New rules from the Federal Communications Commission are scheduled to go into effect tomorrow that govern artificial voice or pre-recorded non-commercial and non-telemarketing calls made to landline telephones.
The new rules limit the number of calls to three within a 30-day period, unless the caller has the called party’s prior express consent to exceed that limit, and requiring callers to provide specific methods for called parties to opt out of receiving such calls.
Non-commercial calls include calls not made for a commercial purpose, such surveys, polls, or market research calls, and non-telemarketing calls are those where there are no advertisements or solicitation of goods and services.
To opt out, consumers must be able to either dial a telephone number — which is provided in the message — to register their do-not-call request or allow the called party to use an automated, interactive voice or key-press activated opt-out mechanism (ie, press “1” or say “stop” to no longer receive these calls).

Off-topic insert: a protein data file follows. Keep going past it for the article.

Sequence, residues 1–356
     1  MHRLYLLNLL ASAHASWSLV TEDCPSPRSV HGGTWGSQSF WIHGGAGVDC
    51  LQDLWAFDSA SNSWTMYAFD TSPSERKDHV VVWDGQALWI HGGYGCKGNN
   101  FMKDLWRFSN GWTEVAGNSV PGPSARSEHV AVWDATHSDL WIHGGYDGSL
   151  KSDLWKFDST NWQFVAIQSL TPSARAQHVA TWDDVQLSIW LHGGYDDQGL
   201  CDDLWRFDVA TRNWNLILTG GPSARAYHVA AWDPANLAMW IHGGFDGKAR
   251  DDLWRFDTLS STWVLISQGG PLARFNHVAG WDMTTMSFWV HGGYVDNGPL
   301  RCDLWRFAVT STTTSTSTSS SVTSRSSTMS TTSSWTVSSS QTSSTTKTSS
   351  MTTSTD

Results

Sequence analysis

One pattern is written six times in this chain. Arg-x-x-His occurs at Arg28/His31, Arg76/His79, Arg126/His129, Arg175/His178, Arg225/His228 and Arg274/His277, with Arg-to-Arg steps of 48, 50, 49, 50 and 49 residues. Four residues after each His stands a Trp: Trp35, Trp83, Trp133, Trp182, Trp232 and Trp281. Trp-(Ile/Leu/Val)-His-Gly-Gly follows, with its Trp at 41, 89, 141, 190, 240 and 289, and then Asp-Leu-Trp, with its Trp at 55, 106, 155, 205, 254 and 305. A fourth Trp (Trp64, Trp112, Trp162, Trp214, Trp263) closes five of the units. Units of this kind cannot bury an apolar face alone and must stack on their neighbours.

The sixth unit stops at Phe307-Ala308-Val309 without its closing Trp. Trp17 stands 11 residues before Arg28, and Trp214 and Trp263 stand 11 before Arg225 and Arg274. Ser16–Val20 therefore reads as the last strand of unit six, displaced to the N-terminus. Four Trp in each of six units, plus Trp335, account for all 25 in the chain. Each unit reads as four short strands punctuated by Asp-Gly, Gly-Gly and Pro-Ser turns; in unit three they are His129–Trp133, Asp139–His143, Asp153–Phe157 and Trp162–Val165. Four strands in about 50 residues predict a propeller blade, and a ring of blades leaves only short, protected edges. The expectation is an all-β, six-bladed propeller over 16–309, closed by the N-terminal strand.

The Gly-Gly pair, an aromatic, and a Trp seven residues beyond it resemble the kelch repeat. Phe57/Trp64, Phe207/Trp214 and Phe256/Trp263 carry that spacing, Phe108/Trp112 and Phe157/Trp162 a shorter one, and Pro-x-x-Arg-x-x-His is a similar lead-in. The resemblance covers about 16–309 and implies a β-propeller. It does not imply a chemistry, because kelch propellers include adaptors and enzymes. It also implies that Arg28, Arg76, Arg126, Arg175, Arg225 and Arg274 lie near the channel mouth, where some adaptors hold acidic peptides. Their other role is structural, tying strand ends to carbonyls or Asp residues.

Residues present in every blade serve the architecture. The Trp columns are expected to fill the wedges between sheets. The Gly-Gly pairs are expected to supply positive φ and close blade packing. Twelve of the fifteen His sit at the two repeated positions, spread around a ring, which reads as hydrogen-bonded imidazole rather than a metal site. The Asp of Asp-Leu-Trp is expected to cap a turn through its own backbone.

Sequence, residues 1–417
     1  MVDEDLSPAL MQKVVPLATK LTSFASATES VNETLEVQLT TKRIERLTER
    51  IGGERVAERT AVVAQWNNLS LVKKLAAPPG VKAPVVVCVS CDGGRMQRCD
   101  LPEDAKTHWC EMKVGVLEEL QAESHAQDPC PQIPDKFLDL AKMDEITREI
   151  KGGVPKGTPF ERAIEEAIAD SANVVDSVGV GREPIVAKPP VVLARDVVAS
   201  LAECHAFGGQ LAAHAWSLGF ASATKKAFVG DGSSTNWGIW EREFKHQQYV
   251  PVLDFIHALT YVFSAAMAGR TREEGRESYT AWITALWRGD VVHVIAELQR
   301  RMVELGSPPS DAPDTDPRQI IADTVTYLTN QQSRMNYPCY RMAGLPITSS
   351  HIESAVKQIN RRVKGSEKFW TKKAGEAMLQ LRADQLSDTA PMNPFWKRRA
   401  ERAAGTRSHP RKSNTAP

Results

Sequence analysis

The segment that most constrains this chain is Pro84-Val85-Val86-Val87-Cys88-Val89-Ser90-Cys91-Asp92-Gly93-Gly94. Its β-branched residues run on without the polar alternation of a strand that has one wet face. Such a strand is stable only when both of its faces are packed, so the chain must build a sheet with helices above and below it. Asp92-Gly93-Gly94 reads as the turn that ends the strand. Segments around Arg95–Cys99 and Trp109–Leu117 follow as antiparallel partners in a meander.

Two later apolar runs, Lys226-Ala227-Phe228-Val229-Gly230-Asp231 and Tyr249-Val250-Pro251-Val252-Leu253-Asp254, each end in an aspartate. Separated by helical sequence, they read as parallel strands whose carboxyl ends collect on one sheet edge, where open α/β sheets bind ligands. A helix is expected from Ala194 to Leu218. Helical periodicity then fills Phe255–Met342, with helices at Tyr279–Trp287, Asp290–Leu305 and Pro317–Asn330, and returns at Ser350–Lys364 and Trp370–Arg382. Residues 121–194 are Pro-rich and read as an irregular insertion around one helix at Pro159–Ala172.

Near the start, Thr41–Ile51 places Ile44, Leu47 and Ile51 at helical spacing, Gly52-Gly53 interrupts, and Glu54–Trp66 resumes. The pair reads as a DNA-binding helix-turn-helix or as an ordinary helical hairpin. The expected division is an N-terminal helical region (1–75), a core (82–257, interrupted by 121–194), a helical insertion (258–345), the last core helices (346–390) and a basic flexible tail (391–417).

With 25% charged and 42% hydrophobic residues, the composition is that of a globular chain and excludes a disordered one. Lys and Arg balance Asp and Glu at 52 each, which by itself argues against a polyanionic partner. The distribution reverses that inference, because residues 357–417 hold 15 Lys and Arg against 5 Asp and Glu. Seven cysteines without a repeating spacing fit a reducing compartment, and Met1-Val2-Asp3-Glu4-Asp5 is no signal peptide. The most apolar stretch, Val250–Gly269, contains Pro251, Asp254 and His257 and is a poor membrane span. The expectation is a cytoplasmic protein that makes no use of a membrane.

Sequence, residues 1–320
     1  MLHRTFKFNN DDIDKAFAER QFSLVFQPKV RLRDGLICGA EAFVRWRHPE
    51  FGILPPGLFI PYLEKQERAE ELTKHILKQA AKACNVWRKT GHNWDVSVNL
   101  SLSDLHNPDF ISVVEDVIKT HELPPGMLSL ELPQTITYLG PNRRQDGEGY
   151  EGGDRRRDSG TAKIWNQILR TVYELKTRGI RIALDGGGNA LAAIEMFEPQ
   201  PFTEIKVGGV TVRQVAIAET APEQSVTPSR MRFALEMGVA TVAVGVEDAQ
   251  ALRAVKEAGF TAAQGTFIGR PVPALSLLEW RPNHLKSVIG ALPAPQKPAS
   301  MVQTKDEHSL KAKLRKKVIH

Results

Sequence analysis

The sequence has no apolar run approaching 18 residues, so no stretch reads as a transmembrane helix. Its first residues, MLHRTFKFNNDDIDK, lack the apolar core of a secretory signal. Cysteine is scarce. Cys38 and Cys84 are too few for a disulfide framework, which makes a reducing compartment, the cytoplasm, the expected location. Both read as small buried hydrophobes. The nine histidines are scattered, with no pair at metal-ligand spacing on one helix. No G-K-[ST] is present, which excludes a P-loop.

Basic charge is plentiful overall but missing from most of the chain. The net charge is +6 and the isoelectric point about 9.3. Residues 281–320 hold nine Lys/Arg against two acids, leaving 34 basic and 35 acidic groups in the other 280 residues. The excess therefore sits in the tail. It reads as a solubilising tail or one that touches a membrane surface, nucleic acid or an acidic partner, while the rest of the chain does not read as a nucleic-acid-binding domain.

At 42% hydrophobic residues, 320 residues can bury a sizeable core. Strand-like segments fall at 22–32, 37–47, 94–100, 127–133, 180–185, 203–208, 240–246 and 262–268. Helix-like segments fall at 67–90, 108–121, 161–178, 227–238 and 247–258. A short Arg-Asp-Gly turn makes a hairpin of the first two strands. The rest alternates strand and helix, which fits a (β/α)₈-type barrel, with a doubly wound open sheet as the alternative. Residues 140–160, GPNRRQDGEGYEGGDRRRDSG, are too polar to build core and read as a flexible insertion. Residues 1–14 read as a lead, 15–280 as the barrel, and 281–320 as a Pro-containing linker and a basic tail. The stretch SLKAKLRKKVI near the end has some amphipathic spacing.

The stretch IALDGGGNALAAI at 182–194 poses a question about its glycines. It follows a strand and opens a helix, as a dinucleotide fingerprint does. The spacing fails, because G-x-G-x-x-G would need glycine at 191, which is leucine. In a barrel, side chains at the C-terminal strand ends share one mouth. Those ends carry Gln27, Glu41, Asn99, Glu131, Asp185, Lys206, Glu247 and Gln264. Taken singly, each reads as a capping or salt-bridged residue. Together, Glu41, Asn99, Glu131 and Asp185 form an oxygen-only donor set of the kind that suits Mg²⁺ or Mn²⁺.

The FCC published the final version of the guidelines in the Federal Register back in January, with the announcement that they would go into effect six months later. ACA International and trade association partners filed a petition to ask the Federal Communications Commission to reconsider certain aspects of its TCPA exemptions order, specifically call exemptions for prerecorded calls to landlines—not to affirm the three-call limit.
The FCC first announced these orders back in 2020.
Under the new rules, callers must:
- Maintain a written do-not-call list policy that is available on demand.
- Train personnel on the existence and use of the do-not-call list.
- Record and honor do-not-call requests within a “reasonable time” (defined as not exceeding 30 days).
- Provide the called party with the name of the individual caller, the name of the person or entity on whose behalf the call is being made, and a telephone number or address at which the person or entity may be contacted.
- Honor do-not-call requests made to affiliated entities if the called party would reasonably expect such a request to apply.
- Maintain a record of do-not-call requests for five (5) years